Canadian photographer Todd McLellan says he grew up in a home where “something was always open.”
His father was a carpenter and TV repairman and his mother an electrical technician, so everyone in the family learned to take things apart and put them back together. It’s no surprise that McLellan became fascinated by the mechanical inner-workings of everyday objects: toasters, watches, coffee grinders.
Now 39, he has transformed that hobby into an ongoing photography series in which he takes ordinary pieces of technology, from salt and pepper mills to old Macintosh computers, lays out the guts of each object, and captures all the components in one shot.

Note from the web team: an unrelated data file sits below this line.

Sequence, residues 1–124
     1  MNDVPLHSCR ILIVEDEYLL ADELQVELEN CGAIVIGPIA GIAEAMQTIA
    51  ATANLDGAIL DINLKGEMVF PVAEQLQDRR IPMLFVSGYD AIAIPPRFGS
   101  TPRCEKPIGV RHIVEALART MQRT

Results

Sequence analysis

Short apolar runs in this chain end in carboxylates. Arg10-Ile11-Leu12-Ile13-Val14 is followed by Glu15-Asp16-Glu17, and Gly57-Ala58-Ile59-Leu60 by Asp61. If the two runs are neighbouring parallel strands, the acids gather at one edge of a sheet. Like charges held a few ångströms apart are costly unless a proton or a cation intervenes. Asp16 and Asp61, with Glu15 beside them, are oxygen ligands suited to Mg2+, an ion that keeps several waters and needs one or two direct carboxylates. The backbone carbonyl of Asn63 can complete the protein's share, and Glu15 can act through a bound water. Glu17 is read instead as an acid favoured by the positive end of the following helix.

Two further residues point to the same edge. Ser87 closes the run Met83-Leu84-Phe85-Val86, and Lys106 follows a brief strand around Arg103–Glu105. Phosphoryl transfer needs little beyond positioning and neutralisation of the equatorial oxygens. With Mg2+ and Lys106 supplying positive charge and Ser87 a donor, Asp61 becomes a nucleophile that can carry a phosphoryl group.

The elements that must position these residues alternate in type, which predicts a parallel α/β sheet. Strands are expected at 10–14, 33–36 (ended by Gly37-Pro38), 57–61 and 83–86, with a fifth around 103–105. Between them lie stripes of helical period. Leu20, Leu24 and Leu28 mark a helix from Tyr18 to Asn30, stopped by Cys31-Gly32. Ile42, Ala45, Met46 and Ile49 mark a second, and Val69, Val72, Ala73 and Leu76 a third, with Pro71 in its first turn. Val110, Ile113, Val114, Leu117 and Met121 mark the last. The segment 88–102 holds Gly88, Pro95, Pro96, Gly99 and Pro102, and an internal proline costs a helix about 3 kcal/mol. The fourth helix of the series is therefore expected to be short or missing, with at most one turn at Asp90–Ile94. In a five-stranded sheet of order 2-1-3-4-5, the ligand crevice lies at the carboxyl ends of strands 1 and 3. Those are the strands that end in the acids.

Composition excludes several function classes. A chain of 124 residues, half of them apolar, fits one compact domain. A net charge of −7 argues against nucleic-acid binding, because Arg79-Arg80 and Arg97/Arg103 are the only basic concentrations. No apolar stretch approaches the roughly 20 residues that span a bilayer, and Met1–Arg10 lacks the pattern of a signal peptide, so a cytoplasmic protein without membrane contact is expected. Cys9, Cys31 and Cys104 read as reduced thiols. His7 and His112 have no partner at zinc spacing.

The result is a stunning display of disassembly.
McLellan started the series as a way to celebrate the mechanics of old technology. “As I’m taking it apart, if I press this button, I know it presses that lever, and you can actually see that happen,” he tells Tech Insider.
Newer technology doesn’t offer the same tactile satisfaction, he says. “You press the button and its goes into the circuit board, and then it makes something on the screen do something. You can’t really place how that happened.”
The actual process of disassembly takes roughly a day and a half. For complex electronics, like a Walkman, the trickiest part is keeping everything organized.